I never link cross-doc items by references, but by Row IDs, Row UIDs, or your internal record IDs instead. Those are simple scalar values (numbers or text), and I re-link back to actual references on the receiving side.

E.g. in this Cross-doc table I’m importing Student UID and Class UID (red arrows; these are read from the Row object). Separately I’m importing a table of Students and a table of Classes. Then in the actual Class and _Student columns (blue arrows) I’m doing [IN Students].Filter(UID = thisRow.[Student UID]).First() and the same for the class.

This has multiple benefits:

  1. I’m not hard-dependent on row references, so if I e.g. have to delete and re-add the row and it’s a different row now, I can more easily restore its old ID back (e.g. make a manual override column) and everything will be linked correctly again.

  2. Most importantly, I don’t have to import base tables from the same doc like with row references. Here’s what I mean:

    • There’s a doc with Students table.
    • There’s a doc with Classes table where the Students table is imported. Classes are linked to Students.
    • There’s now a third doc where I want to import Classes along with Students.

    With reference linking, I’d have to import BOTH the Classes and the Students tables from the Classes doc. That’s because each time you import a table, it becomes like a new separate table on its own, with its own table and row IDs (and that’s logical because you can add more columns onto it). Now if this had to propagate even further, that’d mean that eventually in some terminal doc you’d have a cross-doc table that’s a cross-doc of a cross-doc of a cross-doc of the original one.

    With scalar ID linking though, I can always import tables from their respective source-of-truth docs and link together on the receiving side. And those don’t have to be base tables (like cross-doc references now enforce) but they can be views.


Wow. This is really cool. Thank you
I’m trying to replicate your schema here. I hope I’m getting it right.

Can anyone working with large-ish datasets in Coda share their current experiences? Coda boasts performance improvements in their emails, and I wonder how this translates to these kinds of workflows.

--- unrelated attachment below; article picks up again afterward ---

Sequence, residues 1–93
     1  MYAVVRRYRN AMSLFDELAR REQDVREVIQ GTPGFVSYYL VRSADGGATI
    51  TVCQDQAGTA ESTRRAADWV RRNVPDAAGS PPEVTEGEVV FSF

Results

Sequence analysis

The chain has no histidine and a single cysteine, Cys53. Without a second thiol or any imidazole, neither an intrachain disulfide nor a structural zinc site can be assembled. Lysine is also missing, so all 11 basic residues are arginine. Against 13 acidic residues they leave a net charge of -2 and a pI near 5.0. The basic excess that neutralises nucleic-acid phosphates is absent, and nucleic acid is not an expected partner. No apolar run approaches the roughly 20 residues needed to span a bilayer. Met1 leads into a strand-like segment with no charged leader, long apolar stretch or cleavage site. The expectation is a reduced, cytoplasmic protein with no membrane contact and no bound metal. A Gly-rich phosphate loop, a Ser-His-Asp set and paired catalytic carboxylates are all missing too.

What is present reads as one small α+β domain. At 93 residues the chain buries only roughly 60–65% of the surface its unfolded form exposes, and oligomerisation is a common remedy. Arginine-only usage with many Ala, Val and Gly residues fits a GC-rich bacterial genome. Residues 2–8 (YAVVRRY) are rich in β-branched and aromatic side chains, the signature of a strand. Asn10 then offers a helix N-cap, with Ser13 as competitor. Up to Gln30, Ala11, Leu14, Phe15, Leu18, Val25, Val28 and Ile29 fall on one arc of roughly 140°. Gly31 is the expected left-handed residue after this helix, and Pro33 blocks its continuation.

@Danila_Sentyabov If your dataset takes more than 5 second to be copied from excel to coda it’s not a db to use on coda, for what i got till now more than 5000 rows becomes just unusable in comparison to smaller db.
Some says rows are not the critical limit but i disagree, also with 10 columns the doc become unusable…

Off course i’m using those on coda anyway but i would not recommend anyone to work on those conditions…
For now coda is fine with small and not growing db :slight_smile:

With small i mean mini, what we consider a small db in excel become huge in coda, more or less all of the time, i’ve had stopped trying to consider rows and columns because it’s really not that important, if you apply grouping it’s gonna become 5x slower, if you filter it, 3x slower, all of this while pressing the “wait…” button on chrome while the doc is not responding…

So my answer is as april 2021 is no, coda is not designed to manage normal dataset, and if a small one is used there is not a lot of space to grow it

For anyone who think in a different way i have some simple db that you can have fun in trying to work on them, i can send you pure frustation in a .csv :slight_smile:

P.s. maybe and if the performance will improve 50x (not 0.3% faster, lovely result but not game changer) we will be able to use those, but this would mean a complete rewrite of how coda work, so it’s probably easier to build another one…


Thanks! That’s what I thought.
Coda is very promising, and is still immensely useful as a prototyping tool, and for publishing docs with a little bit of interactivity, but not as even a half-serious process management solution.

in this video Lane talks about opening up Coda for pack makers. This they can only do if the performance goes way beyond what we have today. So I am rather optimistic on this issue.


Just have in mind what it took to “Design the BELLMAC-32 microprocessor on a 20x20 foot printout” and imagine where we are today :thinking:

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As this topic is the first Google result for “coda page size limit” I’m adding a link to the official documentation about “Keeping your docs within the size limit to use with Cross-doc, Zapier, or custom API integrations.” The mentioned limits are 10,000 rows and 125MB. More details: Are there any size limitations on docs accessible via the API? | Coda Help Center

Small improvement we’ve made to help you tend to docs that are becoming a little too big: Launched: Improvements to the doc map